Are Bones Good For Dogs?
Oftentimes, the answer is yes. Bones provide minerals and other nutrients while also satisfying your dog's appetite. Chewing stimulates saliva enzymes, which aids in the prevention of plaque buildup and gum disease. And a dog chewing on a dog bone is less likely to scratch or lick his paws excessively.
So Can I Give A Dog A Bone?
A better question to ask your vet is "should dogs chew bones?"
In general, raw bones tend to be better for dogs than cooked bones. So if you ever wondered "are cooked bones bad for dogs?" the answer is yes, but again, in general.
That's because raw and cooked bones can both cause splinters in your dog's mouth and digestive tract, resulting in injury and even death (although this is more common with cooked bones). Here are some of the consequences of a dog chewing on raw or cooked bones.
- Lacerations or punctures to the gums and tongue
- Cuts and wounds to the throat
- Damaged or broken teeth
- Severe constipation
- Intestinal blockage
- Perforation of the intestines
- Rectal trauma and bleeding
What bones are not safe for dogs?
Cooked Chicken and Turkey Bones: These bones are most likely to splinter. Small bones are also more prone to getting lodged in the throat and esophagus than larger, more solid bones.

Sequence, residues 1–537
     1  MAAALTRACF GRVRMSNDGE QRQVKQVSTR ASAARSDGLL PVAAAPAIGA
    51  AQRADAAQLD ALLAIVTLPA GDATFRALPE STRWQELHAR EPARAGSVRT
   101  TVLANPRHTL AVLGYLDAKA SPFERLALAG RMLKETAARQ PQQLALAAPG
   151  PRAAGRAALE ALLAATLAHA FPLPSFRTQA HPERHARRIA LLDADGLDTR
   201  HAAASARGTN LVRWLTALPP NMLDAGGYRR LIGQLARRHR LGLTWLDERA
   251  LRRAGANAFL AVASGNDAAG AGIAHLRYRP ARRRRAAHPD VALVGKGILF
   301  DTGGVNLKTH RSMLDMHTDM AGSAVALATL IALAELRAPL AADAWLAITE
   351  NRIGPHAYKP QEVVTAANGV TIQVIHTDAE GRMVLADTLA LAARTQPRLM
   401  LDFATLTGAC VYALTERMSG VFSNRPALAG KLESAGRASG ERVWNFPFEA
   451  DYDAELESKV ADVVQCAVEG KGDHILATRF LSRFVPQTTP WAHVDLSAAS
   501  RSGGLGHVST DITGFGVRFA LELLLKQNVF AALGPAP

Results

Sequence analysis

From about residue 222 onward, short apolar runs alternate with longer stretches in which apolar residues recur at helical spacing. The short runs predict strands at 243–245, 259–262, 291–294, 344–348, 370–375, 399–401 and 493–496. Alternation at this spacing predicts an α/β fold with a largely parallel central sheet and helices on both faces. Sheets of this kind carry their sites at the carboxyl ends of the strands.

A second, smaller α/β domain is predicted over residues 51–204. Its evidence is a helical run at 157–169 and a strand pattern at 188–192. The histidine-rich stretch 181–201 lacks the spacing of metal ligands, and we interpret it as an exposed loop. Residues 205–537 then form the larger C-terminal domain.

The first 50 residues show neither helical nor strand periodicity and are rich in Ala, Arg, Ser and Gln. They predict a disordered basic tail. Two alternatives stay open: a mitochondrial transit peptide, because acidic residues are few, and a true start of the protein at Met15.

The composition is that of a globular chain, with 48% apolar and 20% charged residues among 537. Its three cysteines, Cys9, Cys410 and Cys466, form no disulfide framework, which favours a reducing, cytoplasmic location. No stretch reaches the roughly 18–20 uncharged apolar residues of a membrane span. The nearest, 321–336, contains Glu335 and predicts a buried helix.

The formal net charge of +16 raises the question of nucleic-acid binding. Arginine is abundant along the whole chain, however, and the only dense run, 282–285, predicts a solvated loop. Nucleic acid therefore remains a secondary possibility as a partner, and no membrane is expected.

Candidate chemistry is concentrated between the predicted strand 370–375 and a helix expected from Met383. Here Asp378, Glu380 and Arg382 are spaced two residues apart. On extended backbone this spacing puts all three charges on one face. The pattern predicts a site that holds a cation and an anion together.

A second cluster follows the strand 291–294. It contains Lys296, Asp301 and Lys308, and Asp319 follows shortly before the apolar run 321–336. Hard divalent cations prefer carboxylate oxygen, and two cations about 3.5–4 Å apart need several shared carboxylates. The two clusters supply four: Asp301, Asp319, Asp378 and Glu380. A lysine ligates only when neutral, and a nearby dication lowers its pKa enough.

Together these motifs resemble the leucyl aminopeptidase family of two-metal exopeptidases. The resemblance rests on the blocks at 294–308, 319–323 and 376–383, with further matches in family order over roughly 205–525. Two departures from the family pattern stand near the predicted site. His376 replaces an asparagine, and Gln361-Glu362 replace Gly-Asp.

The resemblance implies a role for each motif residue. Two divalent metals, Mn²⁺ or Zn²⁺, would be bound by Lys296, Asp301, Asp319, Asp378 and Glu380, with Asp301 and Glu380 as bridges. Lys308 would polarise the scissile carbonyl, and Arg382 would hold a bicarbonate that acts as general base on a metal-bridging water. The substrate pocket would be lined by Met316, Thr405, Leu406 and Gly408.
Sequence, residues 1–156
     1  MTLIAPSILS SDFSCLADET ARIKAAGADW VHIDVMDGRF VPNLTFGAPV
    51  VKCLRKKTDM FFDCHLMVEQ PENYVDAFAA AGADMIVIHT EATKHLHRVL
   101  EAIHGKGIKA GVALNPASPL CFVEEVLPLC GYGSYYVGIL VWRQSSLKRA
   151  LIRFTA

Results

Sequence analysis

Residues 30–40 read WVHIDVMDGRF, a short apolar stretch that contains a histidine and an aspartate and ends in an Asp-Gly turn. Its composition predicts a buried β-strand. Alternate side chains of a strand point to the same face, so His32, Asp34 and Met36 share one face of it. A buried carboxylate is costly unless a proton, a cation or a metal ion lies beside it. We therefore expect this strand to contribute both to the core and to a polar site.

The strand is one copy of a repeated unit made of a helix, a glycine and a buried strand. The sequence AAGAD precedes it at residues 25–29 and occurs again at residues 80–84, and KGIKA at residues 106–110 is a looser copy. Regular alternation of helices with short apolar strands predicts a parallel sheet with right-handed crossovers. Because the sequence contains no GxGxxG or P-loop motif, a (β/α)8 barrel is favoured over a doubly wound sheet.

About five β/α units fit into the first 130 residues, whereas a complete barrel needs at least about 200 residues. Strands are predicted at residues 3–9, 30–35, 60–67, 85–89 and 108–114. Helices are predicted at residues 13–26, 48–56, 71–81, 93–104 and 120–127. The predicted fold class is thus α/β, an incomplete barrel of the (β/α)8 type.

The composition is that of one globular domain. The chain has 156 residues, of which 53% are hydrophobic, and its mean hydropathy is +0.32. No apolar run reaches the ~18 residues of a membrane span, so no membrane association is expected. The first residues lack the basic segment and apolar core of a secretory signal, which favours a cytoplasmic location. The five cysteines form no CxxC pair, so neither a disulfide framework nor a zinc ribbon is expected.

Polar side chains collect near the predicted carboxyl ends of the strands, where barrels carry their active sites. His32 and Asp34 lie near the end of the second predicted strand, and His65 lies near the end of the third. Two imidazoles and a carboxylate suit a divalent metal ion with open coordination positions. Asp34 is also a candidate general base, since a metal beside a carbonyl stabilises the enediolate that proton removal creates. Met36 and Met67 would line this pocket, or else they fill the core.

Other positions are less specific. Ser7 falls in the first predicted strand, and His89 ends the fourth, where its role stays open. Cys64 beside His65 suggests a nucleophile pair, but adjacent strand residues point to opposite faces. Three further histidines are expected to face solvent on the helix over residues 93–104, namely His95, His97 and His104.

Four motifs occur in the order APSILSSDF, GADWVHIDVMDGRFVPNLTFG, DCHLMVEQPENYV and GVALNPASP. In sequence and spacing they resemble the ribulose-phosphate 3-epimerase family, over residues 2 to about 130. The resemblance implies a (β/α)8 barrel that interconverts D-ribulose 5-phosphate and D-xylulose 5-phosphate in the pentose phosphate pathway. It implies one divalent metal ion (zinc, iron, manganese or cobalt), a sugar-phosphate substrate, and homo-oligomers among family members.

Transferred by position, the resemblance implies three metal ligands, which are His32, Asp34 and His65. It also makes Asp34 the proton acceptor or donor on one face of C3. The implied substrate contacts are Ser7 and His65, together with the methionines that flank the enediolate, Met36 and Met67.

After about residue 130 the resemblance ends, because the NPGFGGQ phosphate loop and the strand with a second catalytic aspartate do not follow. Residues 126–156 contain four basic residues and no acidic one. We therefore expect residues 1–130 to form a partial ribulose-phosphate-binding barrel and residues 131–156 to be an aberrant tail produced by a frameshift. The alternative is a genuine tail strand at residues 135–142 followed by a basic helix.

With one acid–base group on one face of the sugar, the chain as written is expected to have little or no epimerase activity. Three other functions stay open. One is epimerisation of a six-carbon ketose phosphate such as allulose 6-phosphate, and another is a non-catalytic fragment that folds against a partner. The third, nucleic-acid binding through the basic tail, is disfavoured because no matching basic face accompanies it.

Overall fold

T-Bones: T-bones, due to their shape, can become stuck in a dog's throat while the other end is down the esophagus or trachea. This can lead to severe swelling that can block the airway, preventing your dog from breathing.
Small Bones and Circular Bones: Giving any bone that is smaller than your dog's mouth or easily splinters is risky. Both can result in choking hazards as well as trauma to the mouth and intestinal tract. Circular bones are also unfavorable because they can become lodged in the lower jaw of a dog. Dogs are terrified of this, and cutting the bone to free the dog's jaw usually necessitates sedation.
What bones are safe for dogs?
Generally, you want to get raw bones from a reputable butcher large enough to be easily grasped and about the size of your dog's head. It should also have bulges or lumps on both ends.
Raw bones are considered a "safe" bone option, but there are still risks. Your dog can still break a tooth, cut his or her gums, or get a bone splinter. Excessive chewing on the bone can cause constipation. The bone should be refrigerated before use and discarded after a few hours.
General Rules for Bone Safety
If you are considering giving your dog a bone, here are some general safety rules to follow:
- Serve raw meat bones.
- After 10 to 15 minutes, remove the bone from your dog and place it in the refrigerator.
- After three or four days, discard the bone.
- Give large bones to large breeds like German Shepherd Dogs, Bloodhounds, and Mastiffs.
- When you give your dog a bone, keep an eye on him.
- Be an educated consumer
- Give your dog the wrong type of bone.
- Don't give your dog cooked bones of any kind.
- Allow your dog to chew any type of bone into small pieces.
- Don't give your dog a bone if he has stomach problems.
- If another dog is visiting, don't give your dog a bone to chew on.